Supreme Court ruled that diesel taxis with All India Tourist permit will be allowed to operate in Delhi/NCR till their permit expires.
In a major relief to cab operators in the national capital region (NCR), the Supreme Court on Tuesday ruled that diesel taxis with All India Tourist permit will be allowed to operate in Delhi/NCR till their permit expires.
“No new diesel taxis will be registered in Delhi. All registration of city taxis shall only be permitted only if the vehicles operate on dual-fuel (CNG/Petrol), or purely CNG or petrol. We make it clear that no new diesel vehicles can be registered as city taxis,” a bench headed by Chief Justice T S Thakur said.
“These diesel taxis will have to comply with regulations of safety, security and fare,” the apex court ruled. “Safety and security is an important aspect as you must have seen some of the recent incidents,” the bench observed.
New AITP permits will be labelled ‘AITP-N’ and holders will not be authorised to offer point-to-point (within city) services in NCR while existing AITPs will be converted to ‘AITP-O’ permits for NCR to provide point-to-point services, like those used by business process outsourcing (BPO) firms, the court added.
The order came after senior advocate Harish Salve, appointed as amicus curiae in the case, told the bench that the ban order has forced 64,500 taxis off the road leading to a trouble situation overnight.
He suggested that Centre should issue norms for regulating taxis having All India Permits and it should decide a way forward for non-diesel cabs.
A bench headed by Chief Justice T S Thakur had on Monday said the ban on registration of diesel vehicles above 2,000cc will continue in Delhi until further orders. However, it went on to say that it was in favour of a symbolic environment cess on purchase of small/big diesel vehicles as “people buying diesel vehicles should know that they are buying a polluting vehicle…We are of the view that diesel pollutes more than petrol”.
In order to quantify the amount of cess imposed, variables like the price of the car and its engine capacity will be kept in mind, the CJI said.
While seeking relaxation of order of ban on diesel taxis in the NCR, the Centre told the SC that since the government is making all efforts to bring in foreign and domestic manufacturers under its ‘Make in India’ campaign to increase production, the courts have no power to impose any ban, including one on diesel vehicles if the carmakers are adhering to prescribed standards.
Solicitor general Ranjit Kumar argued that vehicles are not the only source of pollution in Delhi, but there are also other sources like road dust,etc. He further said diesel is not “the only devil”, CNG and petrol vehicles also contribute to pollution in NCR. However, the CJI observed that the government was not enforcing rules to curb pollution and it can’t undermine vehicular pollution.
Aimed at bringing down pollution levels in the Capital that has earned it the tag of the world’s most polluted city, the top court’s first order against diesel-run commercial vehicles came in December. The interim order banning registration of diesel-run vehicles with engine capacity of 2000 cc and above was imposed till March 31, and then extended till April 30. The apex court had initially asked the diesel cab operators in the NCR to switch over to CNG by March 1. That deadline was later extended to March 31 and then to April 30.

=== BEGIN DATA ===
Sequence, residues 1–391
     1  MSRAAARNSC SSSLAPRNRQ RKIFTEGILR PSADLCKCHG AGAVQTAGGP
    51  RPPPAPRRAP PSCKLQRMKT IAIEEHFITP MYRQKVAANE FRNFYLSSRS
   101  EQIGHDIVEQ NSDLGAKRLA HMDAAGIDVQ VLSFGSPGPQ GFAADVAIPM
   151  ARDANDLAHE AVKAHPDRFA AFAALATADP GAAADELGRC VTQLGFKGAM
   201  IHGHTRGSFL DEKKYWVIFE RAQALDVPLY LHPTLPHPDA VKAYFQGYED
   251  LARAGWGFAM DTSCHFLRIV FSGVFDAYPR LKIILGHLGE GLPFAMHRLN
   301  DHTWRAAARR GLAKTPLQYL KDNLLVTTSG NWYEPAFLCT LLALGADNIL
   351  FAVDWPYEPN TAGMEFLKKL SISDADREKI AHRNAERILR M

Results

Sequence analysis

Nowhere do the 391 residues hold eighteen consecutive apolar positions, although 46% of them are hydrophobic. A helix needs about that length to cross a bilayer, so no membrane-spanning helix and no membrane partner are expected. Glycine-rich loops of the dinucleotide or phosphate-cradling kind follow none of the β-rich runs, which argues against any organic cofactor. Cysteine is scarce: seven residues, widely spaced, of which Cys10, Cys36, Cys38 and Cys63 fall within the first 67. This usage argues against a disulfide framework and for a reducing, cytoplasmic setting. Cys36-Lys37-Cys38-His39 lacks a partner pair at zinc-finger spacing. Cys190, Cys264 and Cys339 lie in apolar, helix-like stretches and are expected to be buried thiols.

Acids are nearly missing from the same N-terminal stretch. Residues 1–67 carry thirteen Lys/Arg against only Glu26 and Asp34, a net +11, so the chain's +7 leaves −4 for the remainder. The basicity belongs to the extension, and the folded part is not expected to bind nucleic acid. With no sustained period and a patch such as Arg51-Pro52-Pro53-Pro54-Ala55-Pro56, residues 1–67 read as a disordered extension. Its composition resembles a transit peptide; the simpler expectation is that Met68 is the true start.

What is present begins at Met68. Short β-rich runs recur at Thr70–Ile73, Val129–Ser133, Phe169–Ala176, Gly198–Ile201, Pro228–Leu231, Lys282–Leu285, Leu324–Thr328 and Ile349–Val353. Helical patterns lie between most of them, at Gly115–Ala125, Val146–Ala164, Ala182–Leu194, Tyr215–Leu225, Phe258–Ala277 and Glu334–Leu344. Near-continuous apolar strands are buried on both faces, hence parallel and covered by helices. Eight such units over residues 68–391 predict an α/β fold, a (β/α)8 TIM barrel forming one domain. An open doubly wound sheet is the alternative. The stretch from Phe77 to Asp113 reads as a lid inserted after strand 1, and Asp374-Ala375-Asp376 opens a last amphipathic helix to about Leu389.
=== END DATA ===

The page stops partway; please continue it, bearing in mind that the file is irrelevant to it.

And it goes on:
NASSCOM senior counsel Kapil Sibal told the bench that the ban order could drive business out of country as 2.5 lakh people are working in the BPOs in the NCR. It further said it needs time to phase out 14,000 taxis being used as of now.
Ban on diesel cabs is affecting the business sentiment in Gurgaon and Noida and women employees were particularly facing the brunt of the SC ban on diesel taxis.
There are around 55,000 diesel-run taxis with all-India permit.
Sibal, who also appeared for car manufacturer Toyota argued that the SC’s assumption that diesel cars pollute more than petrol is wrong. He said Toyota invested Rs 12,000 crore in diesel technology last year.
In its submissions, the Society of Indian Automobile Manufacturers (SIAM) cited an IIT Kanpur report to show that only 2% of the total PM2.5 emission in the national capital region came from all passenger vehicles, including petrol, diesel as well as CNG-powered vehicles.
SIAM argued that BS IV cars are 25% more fuel-efficient than previous generation. Senior counsel A M Singhvi, appearing for SIAM, argued that the initial cost of diesel cars is higher and its the most-taxed commodity after tobacco. Further, he argued that only 0.5% of the 2% pollution caused by passenger vehicles was due to BS IV compliant vehicles, hence there is no justification for either ban on registration of new lower emission vehicles or to add any incremental tax on them.
SIAM suggested the apex court to that thermal power plants in the radius of 300 km around the NCR should be shut down, the carmakers should migrate to BS VI by 2020 and oil refineries must increase capacity to provide BS VI fuel.